“Our upcoming exhibition at Somerset House, Game Changers: Another Way to Play will show how game makers continue to reinvent familiar and classic games to create new possibilities for playing.
The games you can redesign the most outlandishly and still get people clamouring to play are the ones they remember from childhood. The rules live deep inside you next to your feelings about your first guinea pig and how flying saucer sweets fizz on the tongue.
Hopscotch is another great one for this – it’s been taken as a starting point by so many artists to do crazy things precisely because you don’t need to spend ages explaining the rules to players. They remember how to play with their bodies. And that’s important because games without players, however beautiful, are only half alive.
With hopscotch, as long you get the size of the boxes right in proportion to the size of your players, people understand what they’re supposed to do. They find themselves playing before they’ve thought about it. I’d like to see public squares turned into huge and expansive hopscotch boards because there is nothing more joyful than seeing soberly-dressed grown-ups breaking out into play.”
“I love Angus Hyland’s beautiful new take on Rock, Paper, Scissors, it’ll make a handsome addition to my bookshelf. I’ll buy it and admire it, but I doubt I’ll ever take it out and play it.
I understand why manufacturers and publishers want to reinvent formats but the most enduring games require the simplest equipment – an eight-by-eight board and some counters, a pad and pencil, or just two hands making one of three shapes.
My family probably owns a dozen versions of Monopoly but at Christmas it’s the classic version that sits next to the battered 1970s Scrabble box, my primary school chess set, five dice for Yahtzee, a box of dominoes, and a pack of playing cards.”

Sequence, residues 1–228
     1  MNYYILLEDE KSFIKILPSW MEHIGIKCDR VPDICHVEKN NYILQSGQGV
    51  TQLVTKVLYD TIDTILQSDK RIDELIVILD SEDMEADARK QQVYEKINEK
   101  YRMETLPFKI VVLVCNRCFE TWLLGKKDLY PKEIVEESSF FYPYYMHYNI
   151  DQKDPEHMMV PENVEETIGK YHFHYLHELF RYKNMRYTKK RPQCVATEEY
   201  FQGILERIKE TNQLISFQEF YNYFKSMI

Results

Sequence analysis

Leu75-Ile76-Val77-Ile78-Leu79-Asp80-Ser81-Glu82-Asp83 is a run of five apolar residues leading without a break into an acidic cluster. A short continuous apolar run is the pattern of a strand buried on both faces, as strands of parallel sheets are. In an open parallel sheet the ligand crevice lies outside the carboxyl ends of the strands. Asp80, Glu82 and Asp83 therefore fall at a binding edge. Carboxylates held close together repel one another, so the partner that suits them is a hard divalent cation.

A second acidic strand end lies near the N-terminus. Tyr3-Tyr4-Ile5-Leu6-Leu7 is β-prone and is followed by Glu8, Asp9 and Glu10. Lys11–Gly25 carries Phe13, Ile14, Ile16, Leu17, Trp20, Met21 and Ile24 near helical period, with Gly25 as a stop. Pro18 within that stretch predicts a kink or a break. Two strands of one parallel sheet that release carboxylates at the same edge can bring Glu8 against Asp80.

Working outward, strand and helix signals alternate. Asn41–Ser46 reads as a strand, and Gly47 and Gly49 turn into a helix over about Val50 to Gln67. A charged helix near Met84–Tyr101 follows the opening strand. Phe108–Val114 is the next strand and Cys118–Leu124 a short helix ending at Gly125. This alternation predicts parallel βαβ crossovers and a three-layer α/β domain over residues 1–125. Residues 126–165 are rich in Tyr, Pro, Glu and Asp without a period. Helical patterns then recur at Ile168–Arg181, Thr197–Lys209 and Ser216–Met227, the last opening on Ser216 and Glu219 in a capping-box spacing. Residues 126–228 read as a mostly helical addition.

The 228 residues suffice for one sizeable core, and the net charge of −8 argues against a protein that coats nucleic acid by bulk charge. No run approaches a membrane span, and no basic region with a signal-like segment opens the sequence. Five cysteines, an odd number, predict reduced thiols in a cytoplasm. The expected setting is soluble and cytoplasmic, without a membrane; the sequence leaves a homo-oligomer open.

“The game I’d love to see reinvented is Top Trumps. Not just for the level of political puns out there right now, but also because of the awesomeness that could come from stretching the potential topics.
Think about how Ladybird books has evolved its “for grown-ups” series, which adds a whole new dimension to the classic brand, or the amazing infographics and big data stats out there at the moment that could feed into a reinvented Top Trumps.”
“The much talked about and testing of British games is called buying a train ticket, surely the one game that is wholly out-of-date and in need of an urgent redesign.
You can almost see the advertising on the box: ‘only the most patient and dexterous can successfully navigate a system aimed to confuse and baffle to the extent that you pay more for a journey than necessary’, or ‘can you get a ticket in time before you miss the train’.
Come on, we live in a connected world with some of the most rudimentary systems called Oyster cards and contactless payment. Can we do it? Yes we can.”
What classic game would you redesign? Let us know in the comments section below.